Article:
Organic Gardening with Fern Marshall Bradley

May 6, 2009

Today’s post features an interview with Fern Marshall Bradley, co-author of the recently revised All-New Illustrated Guide to Gardening.

Fern wrote a previous article here about ways to Save Money by Growing Organically, and is back to offer more of her great insight and to answer a series of questions regarding her organic gardening techniques and recommendations.

Kenny Point: How long have you been involved in gardening and how did you get started?  How did you gain your professional knowledge and experience in the areas of gardening and landscaping?

fern-marshall-bradleyFern Marshall Bradley: I became fascinated with the diversity of plants while taking a college botany course, and then grew my first garden as a college project. I’ve been hooked ever since. I have a Master’s Degree in Horticulture from Rutgers University, and I worked for several years managing gardens on an organic farm.

I started working in garden publishing about 20 years ago. As a garden book editor, I’m continually learning new things about gardening, and I’m still a dedicated home gardener.

Kenny Point: What are your favorite fruits or vegetables for growing in the backyard garden, and are there any exceptional or rare varieties that you particularly love to grow or recommend to home gardeners?

Fern Marshall Bradley: It’s hard for me to think of a fruit or vegetable that I don’t like to grow! But some favorites are carrots, peas, turnips, asparagus, raspberries, arugula, and spinach. I like to grow these because it’s very hard to find store-bought or even farmer’s market sources of these foods that are as crispy and tasty as fresh-picked from the backyard.

My favorite variety of turnips is ‘Hakurei,’ which is a small white turnip that has a wonderfully sweet, rich flavor. And last fall I had great results with ‘Lombardia’ spinach.

Kenny Point: Are there any critical but common mistakes that you see home gardeners making over and over that often lead to serious problems or wasted time and effort out in their backyards?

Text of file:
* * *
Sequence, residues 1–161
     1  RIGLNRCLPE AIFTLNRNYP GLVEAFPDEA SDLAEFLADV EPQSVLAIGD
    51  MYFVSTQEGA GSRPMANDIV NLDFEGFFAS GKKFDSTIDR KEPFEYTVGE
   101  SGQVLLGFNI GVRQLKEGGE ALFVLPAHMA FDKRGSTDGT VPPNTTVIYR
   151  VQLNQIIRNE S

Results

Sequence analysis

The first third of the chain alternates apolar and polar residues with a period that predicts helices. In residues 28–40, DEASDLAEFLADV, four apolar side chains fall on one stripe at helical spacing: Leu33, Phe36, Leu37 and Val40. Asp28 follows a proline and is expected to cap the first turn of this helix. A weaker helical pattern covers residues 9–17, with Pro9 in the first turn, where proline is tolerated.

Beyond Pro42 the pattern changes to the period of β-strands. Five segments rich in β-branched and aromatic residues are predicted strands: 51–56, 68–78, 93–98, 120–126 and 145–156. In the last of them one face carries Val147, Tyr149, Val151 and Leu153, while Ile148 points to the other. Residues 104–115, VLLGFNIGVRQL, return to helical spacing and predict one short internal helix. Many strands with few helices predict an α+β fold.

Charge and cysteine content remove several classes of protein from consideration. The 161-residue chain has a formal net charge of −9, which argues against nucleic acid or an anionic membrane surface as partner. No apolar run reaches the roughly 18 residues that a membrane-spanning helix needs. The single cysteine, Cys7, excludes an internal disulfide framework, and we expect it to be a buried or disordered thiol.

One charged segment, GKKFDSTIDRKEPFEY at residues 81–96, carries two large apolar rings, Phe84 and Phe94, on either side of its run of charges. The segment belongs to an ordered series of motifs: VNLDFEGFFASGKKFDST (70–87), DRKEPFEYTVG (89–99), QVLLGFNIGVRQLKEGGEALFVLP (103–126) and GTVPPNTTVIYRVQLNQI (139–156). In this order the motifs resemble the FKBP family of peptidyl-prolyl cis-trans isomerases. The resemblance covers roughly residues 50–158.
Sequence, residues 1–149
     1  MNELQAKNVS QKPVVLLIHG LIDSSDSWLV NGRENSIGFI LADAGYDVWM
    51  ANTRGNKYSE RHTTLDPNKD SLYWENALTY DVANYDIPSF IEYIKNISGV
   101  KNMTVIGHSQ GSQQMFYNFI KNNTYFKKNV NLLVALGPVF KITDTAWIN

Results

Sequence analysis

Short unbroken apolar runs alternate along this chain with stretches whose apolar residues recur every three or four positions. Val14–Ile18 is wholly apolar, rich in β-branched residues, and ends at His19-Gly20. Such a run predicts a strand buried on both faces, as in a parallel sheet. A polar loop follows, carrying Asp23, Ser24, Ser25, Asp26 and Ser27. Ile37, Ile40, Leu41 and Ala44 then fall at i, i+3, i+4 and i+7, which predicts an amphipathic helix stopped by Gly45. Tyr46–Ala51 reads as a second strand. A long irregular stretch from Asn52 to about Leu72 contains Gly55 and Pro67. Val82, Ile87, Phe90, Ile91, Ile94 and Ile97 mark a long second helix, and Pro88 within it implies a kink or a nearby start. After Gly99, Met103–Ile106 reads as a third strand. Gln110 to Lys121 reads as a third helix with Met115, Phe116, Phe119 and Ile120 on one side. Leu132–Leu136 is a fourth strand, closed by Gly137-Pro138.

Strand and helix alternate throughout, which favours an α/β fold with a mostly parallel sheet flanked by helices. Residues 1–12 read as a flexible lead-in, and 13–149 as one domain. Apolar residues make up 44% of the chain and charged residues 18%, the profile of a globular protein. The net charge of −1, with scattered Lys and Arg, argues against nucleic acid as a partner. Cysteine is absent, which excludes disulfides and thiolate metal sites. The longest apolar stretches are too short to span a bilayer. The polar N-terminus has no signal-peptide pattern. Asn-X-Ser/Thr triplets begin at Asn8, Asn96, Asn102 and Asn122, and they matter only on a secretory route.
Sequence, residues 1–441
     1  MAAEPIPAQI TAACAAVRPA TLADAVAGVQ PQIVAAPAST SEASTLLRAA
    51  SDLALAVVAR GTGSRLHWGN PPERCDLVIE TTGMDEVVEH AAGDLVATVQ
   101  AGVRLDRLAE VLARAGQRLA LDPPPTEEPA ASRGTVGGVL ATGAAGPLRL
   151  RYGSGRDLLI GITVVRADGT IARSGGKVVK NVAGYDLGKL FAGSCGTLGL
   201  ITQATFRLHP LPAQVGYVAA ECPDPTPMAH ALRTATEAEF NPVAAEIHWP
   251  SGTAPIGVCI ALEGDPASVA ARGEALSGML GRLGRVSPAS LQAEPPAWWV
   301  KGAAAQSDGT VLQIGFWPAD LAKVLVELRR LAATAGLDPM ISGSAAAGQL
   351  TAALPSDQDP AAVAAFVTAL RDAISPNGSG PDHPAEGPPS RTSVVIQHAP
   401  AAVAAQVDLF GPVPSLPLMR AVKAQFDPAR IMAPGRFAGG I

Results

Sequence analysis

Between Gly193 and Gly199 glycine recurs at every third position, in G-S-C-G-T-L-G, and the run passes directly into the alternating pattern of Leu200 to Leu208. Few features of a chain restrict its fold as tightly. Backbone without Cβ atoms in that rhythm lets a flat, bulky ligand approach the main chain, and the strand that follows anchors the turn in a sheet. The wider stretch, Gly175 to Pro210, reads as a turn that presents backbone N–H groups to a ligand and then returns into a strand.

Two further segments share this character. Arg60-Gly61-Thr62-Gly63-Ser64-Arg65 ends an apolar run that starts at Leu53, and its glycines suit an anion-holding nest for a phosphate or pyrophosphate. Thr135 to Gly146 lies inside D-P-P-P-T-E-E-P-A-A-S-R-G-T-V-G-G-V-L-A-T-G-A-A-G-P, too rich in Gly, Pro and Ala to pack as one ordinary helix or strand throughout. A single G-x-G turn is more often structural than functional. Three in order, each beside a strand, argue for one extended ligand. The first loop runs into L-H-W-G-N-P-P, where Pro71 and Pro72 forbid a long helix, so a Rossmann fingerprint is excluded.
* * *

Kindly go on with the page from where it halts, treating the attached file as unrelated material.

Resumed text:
Fern Marshall Bradley: One common mistake is trying to cultivate a lawn under shade trees. Lawn grass isn’t happy growing in the shade. It’s much easier and more sensible to allow moss to naturally take over the shady areas under trees, or to plant a shade-loving groundcover such as pulmonarias, Solomon’s seals, or sweet woodruff. Leave an unplanted, mulched buffer area around the tree trunks to help prevent trunk rot and avoid excess competition between the trees and groundcovers.

Kenny Point: What tips would you offer to the inexperienced or first time gardener who is interested in raising and harvesting delicious homegrown produce from their own vegetable plot? What about those gardeners who only have a small area to garden in?

Fern Marshall Bradley: Search for the sun if you want homegrown produce. Most food crops need at least 6 hours of full sun daily in order to produce a bountiful harvest.

So find that sunny site, and start small—a plot that measure 8 feet by 10 feet is plenty the first year. Limit yourself to three or four crops, and pick at least a couple that are easy to grow (beans, lettuce, tomatoes, turnips, peas, kale, Swiss chard).

If you have only a small area, plant in containers, which you can move around to follow the sun if need be. And grow crops vertically on trellises or other supports. Cucumbers, peas, and beans are very productive when trained on a trellis.

Kenny Point: What are your secrets to building a rich, fertile, and healthy soil? Is soil testing and adding outside amendments each year an essential necessity?

Fern Marshall Bradley: Adding compost to your soil and keeping the soil covered with a layer of organic mulch (grass clippings, straw, shredded leaves, etc) are the simple secrets to building a rich, healthy soil. Yearly soil testing is not necessary unless your garden just isn’t succeeding.

As for adding outside amendments, that depends on what it is you’re growing. For an established perennial garden, for example, yearly mulching may be all the soil enrichment that’s needed. But for strawberries or roses, you may want to pamper the plants a bit with extra amendments.

Kenny Point: This interview will continue tomorrow when Fern discusses the shift in focus of the Illustrated Guide to Gardening towards organics, and shares more tips for growing a productive garden in your own back yard.

Fern Marshall Bradley, co-editor with Trevor Cole of The All-New Illustrated Guide to Gardening: Now All Organic!, is a writer and editor whose favorite topics are gardening and sustainable living.

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